Contemporary societies take science seriously. They presume that science can resolve disputes over factual issues such as the question of whether Laetrile should be used to treat cancer, whether homo-sexuality is a disease, whether nuclear power is safe, or whether a particular concentration of benzene in the workplace is tolerable. Such disputes are, however, not purely “scientific,” as the essays in this volume show. They are formed around and structured by complex ethical and political interests. In fact, more than purely knowledge-directed concerns shape scientific controversies generally, even those concerning the theory of continental drift. A better understanding of the interplay between knowledge-directed and value- or politically directed forces in scientific disputes is required for an appreciation of the very character of culture. Ours is a culture that looks to scientific investigations, panels, and commissions for the determination of facts and the resolution of scientific disputes. This volume is offered as a contribution to the better understanding of the role of science and of the place of nonscientific interests in what may appear, at first glance, to be purely scientific undertakings.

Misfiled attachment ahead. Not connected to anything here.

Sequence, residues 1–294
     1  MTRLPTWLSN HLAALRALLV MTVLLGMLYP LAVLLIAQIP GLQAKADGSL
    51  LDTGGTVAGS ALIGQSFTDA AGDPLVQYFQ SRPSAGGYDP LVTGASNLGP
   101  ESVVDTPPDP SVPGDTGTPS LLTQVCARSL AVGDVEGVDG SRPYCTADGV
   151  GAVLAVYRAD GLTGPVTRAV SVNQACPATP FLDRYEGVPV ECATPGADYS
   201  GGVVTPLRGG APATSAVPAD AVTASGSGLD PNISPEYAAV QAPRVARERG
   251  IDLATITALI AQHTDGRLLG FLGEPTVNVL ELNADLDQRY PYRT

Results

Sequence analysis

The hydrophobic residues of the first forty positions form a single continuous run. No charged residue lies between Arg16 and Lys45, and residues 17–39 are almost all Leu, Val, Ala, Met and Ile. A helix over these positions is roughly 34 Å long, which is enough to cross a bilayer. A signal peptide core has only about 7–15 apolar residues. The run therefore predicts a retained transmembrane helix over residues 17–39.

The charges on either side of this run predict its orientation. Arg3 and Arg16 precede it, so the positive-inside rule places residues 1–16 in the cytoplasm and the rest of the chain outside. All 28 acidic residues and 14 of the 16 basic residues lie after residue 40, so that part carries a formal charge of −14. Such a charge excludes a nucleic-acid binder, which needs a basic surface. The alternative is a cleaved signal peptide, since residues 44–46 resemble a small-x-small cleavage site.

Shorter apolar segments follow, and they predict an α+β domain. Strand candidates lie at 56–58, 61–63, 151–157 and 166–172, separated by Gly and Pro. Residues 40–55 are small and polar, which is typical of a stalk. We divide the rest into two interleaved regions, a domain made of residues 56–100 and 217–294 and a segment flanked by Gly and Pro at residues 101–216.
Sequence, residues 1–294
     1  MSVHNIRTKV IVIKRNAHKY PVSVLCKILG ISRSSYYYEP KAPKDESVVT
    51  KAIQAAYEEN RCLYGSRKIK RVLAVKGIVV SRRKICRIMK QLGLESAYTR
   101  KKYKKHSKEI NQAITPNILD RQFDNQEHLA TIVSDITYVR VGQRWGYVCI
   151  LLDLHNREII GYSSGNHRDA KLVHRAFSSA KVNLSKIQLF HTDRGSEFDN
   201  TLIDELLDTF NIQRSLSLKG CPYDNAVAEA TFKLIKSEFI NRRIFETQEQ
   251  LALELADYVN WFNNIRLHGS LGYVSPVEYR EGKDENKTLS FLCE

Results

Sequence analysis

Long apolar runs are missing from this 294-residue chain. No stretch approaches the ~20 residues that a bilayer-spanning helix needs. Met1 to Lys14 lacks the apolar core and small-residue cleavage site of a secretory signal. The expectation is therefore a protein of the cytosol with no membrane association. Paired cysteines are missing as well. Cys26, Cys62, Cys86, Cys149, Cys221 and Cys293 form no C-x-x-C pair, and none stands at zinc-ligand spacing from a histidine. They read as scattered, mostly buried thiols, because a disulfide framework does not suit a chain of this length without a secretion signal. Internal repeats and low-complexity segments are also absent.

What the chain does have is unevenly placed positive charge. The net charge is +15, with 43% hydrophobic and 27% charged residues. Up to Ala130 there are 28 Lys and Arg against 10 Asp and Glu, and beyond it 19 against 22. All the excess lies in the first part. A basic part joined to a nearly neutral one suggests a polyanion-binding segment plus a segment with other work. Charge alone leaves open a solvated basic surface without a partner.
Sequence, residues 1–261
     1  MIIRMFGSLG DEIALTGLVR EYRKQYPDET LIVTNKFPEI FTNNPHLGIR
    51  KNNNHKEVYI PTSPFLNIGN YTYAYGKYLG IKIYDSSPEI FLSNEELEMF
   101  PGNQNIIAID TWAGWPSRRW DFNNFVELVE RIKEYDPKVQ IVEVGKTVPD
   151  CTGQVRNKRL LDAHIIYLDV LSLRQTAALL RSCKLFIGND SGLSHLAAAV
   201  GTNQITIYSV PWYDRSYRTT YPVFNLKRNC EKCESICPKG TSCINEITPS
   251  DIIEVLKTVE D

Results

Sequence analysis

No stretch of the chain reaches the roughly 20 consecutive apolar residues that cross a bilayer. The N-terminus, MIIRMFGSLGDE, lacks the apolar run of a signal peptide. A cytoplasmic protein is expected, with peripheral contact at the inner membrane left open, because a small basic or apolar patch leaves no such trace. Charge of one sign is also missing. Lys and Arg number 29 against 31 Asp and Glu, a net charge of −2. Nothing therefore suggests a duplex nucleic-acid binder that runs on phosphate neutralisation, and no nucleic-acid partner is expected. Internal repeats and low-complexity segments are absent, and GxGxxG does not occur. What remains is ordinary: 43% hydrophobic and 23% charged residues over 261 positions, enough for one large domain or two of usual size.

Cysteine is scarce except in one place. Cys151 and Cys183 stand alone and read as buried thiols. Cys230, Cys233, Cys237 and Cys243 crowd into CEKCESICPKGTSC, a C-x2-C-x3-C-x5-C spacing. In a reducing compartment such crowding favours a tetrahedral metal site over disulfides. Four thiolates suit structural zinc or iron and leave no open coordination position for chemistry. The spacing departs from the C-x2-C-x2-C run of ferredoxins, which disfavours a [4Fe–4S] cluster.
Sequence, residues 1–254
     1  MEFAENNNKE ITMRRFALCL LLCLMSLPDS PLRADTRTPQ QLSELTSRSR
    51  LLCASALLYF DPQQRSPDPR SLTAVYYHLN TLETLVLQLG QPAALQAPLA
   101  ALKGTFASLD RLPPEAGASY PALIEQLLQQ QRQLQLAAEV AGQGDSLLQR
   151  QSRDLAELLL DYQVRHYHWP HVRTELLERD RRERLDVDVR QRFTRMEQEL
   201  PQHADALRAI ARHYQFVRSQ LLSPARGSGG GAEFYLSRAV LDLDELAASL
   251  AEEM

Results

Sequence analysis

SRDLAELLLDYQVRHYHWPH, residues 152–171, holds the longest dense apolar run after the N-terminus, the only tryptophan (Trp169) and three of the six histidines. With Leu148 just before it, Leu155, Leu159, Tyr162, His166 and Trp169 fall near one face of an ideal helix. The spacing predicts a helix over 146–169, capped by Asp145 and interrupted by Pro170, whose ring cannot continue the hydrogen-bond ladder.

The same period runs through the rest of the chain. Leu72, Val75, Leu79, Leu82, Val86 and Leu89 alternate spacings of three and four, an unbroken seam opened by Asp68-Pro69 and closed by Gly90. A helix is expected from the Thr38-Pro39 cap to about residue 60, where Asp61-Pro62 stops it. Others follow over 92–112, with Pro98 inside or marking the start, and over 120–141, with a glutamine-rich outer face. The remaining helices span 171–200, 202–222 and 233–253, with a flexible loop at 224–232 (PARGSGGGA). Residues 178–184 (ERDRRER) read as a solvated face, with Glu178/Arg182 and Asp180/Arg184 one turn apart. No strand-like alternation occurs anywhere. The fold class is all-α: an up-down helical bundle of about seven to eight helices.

The original conferences and research that produced this volume were supported by a grant from the National Endowment for the Humanities (No. AV-30691–78–200). This project, which addressed the character of scientific disputes with a heavy ethical or political overlay, spanned the years 1978–82. We wish to underscore our debt of thanks to the Endowment and, in particular, to Richard Hedrick, who served as the program officer for the grant. His guidance contributed in many ways to the successful completion of the project.